- Ben Goessling, ESPN Minnesota Vikings reporter
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EDEN PRAIRIE, Minn. -- You loved Teddy Bridgewater in "Wet Ball Wednesday," his weekly, no-gloves-allowed post-practice drill where he throws footballs that have been dunked in water in preparation for rainy conditions. Now, get ready for the exciting sequel: "Odd Ball Thursday."
(That whole first paragraph works better if you read it to yourself in the style of one of those booming movie trailer voiceover guys. Give it a try.)
Anyway, in all (or some) seriousness, Bridgewater makes a habit each week of staying after practice each Thursday and throwing a few passes from awkward arm angles or off-balance positions. It's a drill he started in college at Louisville, and Bridgewater believes it's helped him adjust to life in the NFL, where the best quarterbacks are able to make accurate throws even when they're under duress.
"During the offseason, I watched a ton of tape of Philip Rivers, Drew Brees and Aaron Rodgers," Bridgewater said. "You watch Philip Rivers, he's one of the best in the game at playing the position in an uncomfortable pocket. He's able to make throws off-balance and things like that. You watch him make those throws, and it just tells you that no play is going to be perfect, no pocket is going to be perfect when you're sitting back there. It's being able to make those hard throws, those off-balance throws. That's what it's going to take."
Bridgewater did that especially well on Sunday against the Dolphins, finding Charles Johnson for 25 yards in the second quarter while rolling to his right, and making what I thought was one of his best throws of the season in the third quarter, when he moved to his right in the pocket, set his feet briefly and fired a pass just beyond Brent Grimes, hitting Greg Jennings for 24 yards on third-and-13.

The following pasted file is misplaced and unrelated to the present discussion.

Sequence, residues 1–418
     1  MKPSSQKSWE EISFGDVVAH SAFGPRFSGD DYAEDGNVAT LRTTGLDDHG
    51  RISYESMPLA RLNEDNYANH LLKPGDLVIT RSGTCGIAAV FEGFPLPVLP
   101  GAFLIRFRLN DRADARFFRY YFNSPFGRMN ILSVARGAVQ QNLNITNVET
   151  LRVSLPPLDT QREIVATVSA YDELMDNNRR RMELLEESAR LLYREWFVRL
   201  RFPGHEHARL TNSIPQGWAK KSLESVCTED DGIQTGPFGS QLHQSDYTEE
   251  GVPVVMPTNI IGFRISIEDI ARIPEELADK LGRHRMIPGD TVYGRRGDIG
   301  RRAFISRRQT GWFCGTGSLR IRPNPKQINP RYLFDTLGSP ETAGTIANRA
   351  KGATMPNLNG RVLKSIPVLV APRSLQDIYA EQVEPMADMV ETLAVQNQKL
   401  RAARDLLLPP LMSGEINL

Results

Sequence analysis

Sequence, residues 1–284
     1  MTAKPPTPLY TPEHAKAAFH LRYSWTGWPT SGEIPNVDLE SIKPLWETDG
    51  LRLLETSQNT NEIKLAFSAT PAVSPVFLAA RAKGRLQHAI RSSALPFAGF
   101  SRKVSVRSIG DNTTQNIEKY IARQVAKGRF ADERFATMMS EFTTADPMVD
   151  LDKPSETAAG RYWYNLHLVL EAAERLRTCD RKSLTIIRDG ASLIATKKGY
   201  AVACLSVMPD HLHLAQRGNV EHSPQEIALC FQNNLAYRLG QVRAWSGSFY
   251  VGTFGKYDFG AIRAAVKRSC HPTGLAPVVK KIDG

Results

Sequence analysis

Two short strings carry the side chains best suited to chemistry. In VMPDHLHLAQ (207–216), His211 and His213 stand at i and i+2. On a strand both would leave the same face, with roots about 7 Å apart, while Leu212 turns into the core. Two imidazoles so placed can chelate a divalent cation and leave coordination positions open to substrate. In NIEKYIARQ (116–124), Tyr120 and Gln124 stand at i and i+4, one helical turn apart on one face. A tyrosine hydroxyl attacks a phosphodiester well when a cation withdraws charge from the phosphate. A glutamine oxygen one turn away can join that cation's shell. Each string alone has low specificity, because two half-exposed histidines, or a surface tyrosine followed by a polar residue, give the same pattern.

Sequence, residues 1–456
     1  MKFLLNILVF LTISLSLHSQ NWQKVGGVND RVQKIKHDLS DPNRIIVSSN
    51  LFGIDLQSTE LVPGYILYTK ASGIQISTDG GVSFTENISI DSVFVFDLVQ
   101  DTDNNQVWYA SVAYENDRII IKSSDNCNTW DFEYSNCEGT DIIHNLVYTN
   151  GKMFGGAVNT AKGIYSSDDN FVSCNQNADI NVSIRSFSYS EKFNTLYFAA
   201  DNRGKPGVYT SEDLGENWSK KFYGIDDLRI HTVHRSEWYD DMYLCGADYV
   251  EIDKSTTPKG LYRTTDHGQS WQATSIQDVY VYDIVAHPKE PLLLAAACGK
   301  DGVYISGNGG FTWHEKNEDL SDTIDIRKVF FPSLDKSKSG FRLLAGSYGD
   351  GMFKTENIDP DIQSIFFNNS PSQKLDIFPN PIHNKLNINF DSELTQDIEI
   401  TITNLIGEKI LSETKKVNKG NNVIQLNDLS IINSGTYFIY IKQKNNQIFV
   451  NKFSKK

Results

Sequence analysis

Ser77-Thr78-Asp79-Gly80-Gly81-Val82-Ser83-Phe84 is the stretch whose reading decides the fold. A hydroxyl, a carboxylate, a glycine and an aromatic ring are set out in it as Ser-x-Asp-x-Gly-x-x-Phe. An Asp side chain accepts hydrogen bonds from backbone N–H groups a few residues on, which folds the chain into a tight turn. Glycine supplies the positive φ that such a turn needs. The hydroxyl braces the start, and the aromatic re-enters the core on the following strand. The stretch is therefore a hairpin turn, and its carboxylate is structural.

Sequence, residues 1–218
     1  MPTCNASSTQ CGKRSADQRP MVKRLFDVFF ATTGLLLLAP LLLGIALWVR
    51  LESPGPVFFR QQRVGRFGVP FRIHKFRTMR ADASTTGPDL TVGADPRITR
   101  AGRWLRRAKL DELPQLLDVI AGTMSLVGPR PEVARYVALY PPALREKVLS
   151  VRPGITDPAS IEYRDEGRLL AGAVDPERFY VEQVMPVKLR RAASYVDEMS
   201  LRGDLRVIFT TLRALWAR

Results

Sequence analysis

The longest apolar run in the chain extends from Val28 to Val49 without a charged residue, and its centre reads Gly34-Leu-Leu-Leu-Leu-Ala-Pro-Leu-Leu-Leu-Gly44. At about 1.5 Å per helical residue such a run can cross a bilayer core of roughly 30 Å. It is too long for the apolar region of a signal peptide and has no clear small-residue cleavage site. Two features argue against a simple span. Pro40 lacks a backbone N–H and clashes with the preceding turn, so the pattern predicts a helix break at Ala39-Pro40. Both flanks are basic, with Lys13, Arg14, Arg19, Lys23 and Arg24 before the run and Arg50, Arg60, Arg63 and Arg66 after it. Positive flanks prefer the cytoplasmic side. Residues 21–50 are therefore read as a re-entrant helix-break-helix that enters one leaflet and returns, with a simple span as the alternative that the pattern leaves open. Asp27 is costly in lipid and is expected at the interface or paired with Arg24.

"He actually was kind of throwing off his back foot," coach Mike Zimmer said. "That was a great throw. I keep seeing all those things -- the way he moves in the pocket, steps up, a guy's coming and he ends up, not really stepping into a throw but putting it in there. (Offensive coordinator) Norv (Turner) talks a lot about throwing hard with an arc. I know everybody talks about arm strength and all that, but it's about putting the ball on the money, and that's what he's done the past few weeks."
It's worth noting that the first two quarterbacks Bridgewater mentioned studying -- Rivers and Brees -- are Turner proteges, and there probably isn't much about Rodgers' game that isn't worth emulating. Throws like the one Bridgewater made to Jennings often represent a point of demarcation between average quarterbacks and good ones, and if he can make them often enough to extend drives, the Vikings' offensive productivity will see a sizable bump.
He's working on them enough to get to a point where the unnatural throws feel second nature.
"I haven't been doing it the past two weeks or so," Bridgewater said. "But it's one of those deals where you just work on it. Something's going to come up in the game where the pocket isn't going to be perfect. You have to react and just play football."
Minnesota Vikings quarterback works on throwing passes from odd angles as part of getting used to playing against defensive pressure in the NFL.